Photos and grief

The other day, while looking for older photos of Pavarotta, I found some photos of the cats who are no longer with us. I managed to finish and publish the post…with photos…but…

…simply put, I was overcome by sadness. Grief. All over again.

Piccolo (left) and Puzzola, 2007

It doesn’t matter how many years go by, how many other cats come into your life: you will always grieve for the ones who died. I’ve read that the grief you feel after losing a beloved cat, or a pet in general, is similar to that of losing a close family member. There are many articles online on this topic, including this one: https://www.vet.cornell.edu/departments-centers-and-institutes/cornell-feline-health-center/health-information/health-topics/grieving-loss-your-cat

In the time that Stefano and I have been together, we have lost:

  • Keshé, my Canadian cat, who was with me in grad school and who traveled all the way from Toronto to Italy only to die a few months later (this must have been in 2001) from undiagnosed renal failure. She was only 5 years old. (No digital photos of her, unfortunately.)
  • Puzzola, who died in June of 2014 at the age of 16-17, was the first cat that Stefano and I adopted together after moving into our new home in 2001.
  • Piccolo, my sweet boy, who died a few months later, in September of 2014, at the age of 14.
  • Priscilla, who died at age 14.5 in January 2020. Her death was totally unexpected…hit us like a ton of bricks…

    Priscilla, 2018

I was particularly attached to Piccolo. I just did a search of my health blog to have a look at the post I wrote about Piccolo after he died. (https://margaret.healthblogs.org/2017/09/08/piccolo-2003-2017/)

Oh no, big mistake. Tears began running down my cheeks, and I got very upset (stuffy nose, too!). As time goes by, you may think you’re over the pain, or you can deal with it, but it can come flooding back when a memory pops up or, as in this case, when you read something you wrote about your cat. That’s why Stefano never wants to talk about the kitties that are “gone,” and that’s why he will probably never read this post. Too painful.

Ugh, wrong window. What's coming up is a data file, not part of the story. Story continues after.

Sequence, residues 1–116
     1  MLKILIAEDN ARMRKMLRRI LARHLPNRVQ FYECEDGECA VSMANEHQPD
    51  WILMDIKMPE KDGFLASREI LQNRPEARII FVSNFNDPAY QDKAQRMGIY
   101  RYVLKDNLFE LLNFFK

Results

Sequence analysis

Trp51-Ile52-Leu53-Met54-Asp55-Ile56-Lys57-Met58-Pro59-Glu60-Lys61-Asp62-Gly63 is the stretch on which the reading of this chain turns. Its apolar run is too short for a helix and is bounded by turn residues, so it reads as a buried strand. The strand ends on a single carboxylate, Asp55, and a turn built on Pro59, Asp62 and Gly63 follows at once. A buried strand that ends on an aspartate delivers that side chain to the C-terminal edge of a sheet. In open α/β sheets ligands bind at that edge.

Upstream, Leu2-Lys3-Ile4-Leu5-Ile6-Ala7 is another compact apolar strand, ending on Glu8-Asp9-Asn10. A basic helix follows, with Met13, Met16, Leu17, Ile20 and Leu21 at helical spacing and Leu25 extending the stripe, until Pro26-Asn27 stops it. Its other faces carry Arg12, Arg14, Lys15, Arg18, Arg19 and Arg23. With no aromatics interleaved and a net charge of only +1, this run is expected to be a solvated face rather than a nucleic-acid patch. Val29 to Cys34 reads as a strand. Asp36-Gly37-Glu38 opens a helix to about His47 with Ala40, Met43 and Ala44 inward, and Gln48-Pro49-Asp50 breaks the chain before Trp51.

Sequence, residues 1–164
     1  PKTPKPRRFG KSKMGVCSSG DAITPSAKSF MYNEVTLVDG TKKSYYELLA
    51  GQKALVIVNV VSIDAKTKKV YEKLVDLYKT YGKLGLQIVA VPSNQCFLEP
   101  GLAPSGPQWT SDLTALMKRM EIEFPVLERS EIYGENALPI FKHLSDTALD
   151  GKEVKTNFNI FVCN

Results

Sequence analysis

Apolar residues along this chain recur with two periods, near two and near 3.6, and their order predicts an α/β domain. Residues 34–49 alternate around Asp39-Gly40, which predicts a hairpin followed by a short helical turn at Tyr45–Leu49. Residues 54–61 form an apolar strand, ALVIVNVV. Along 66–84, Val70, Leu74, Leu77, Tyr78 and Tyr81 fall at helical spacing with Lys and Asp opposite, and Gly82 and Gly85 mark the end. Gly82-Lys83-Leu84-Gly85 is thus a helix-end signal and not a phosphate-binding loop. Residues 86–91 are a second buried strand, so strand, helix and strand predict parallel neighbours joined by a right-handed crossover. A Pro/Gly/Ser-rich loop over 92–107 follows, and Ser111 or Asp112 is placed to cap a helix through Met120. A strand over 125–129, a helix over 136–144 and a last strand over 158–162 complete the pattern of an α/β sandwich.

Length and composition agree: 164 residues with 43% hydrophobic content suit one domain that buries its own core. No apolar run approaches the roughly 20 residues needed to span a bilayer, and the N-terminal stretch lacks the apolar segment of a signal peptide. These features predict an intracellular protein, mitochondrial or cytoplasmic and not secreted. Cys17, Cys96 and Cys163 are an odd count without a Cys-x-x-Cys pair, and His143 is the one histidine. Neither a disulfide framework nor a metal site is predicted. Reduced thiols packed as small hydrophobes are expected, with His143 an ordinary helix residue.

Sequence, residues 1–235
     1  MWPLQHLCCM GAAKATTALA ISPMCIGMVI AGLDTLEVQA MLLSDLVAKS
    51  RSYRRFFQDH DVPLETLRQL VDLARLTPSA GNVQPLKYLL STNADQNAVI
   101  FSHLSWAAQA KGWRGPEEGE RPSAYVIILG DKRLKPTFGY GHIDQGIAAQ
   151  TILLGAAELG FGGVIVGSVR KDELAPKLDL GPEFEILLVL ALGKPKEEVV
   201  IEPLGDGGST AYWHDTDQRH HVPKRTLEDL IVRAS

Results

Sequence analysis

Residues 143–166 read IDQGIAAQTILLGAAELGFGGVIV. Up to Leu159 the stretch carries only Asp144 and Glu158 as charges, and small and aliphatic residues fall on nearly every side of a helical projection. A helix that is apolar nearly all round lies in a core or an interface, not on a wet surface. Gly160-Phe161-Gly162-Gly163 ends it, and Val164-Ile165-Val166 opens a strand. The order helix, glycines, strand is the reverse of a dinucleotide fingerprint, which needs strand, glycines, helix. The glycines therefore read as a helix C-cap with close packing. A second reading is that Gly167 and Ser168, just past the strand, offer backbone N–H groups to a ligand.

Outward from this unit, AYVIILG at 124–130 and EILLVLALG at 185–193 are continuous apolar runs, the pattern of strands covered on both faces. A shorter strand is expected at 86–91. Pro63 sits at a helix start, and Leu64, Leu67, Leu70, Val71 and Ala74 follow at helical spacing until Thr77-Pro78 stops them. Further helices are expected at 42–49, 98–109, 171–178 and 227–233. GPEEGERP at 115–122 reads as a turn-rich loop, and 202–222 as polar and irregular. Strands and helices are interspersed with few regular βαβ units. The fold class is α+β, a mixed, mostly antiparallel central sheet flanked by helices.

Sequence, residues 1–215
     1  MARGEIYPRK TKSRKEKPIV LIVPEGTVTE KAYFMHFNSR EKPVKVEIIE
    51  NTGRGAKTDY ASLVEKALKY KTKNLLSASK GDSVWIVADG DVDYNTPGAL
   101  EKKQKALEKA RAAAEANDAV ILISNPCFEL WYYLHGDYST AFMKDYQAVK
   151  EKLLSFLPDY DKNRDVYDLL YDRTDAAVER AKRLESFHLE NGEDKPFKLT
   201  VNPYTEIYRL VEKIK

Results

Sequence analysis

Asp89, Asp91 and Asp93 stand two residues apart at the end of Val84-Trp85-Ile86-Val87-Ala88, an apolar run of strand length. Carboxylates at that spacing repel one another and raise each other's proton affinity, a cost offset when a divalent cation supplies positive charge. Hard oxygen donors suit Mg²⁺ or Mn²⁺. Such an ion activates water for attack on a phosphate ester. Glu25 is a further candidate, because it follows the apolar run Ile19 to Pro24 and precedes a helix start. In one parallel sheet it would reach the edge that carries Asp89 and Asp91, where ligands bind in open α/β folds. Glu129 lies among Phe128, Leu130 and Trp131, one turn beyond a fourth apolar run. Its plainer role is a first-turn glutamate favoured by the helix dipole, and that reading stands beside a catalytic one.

I do, however, want to write about this topic at some point. It’s important for people to know that it’s okay to grieve after you lose a beloved pet. And those who don’t have pets have to respect that grief and be supportive.

Whenever one of my cats died, I remember wanting to “share” my grief with some of my closest friends, but they just didn’t understand. They didn’t have pets, and animals were just animals, bluntly put. In the end, I simply hid my pain and pretended that things were okay, even though they weren’t.

But that’s enough for today. I’ll write a happier post tomorrow or the day after…my Peekaboo post! 🙂

3 Comments

  1. Sending you love. THere’s a special place in our hearts for every loved one who dies, human or non-human, and grief stays alive there, for the simple reason that grief is tied to love. <3

  2. I totally agree with you..Losing a cat is so so paintful. I lost mine at the age of 12 because of cancer. I felt so guilty as the ultimate choice was to put her down. Once i said i would.never do that but…I did.it. Poor Missy..my beautiful tabby cat….

  3. I adopted a cat while I was living in Colombia, a golden tabby I named Pascal because he came to me around Easter… he was feisty but had some unknown ailment and after several trips to the local vet I brought him home to die because the vet told me “I don’t know what he has or how to treat it but this cat isn’t going to thrive.” He snuggled up to me on the way home and we had two sweet days. Then he went out into the garden and crossed over. When I look back at those photos of him I still feel sad that we couldn’t figure out what was wrong. But I also feel glad he had a few months of being loved.

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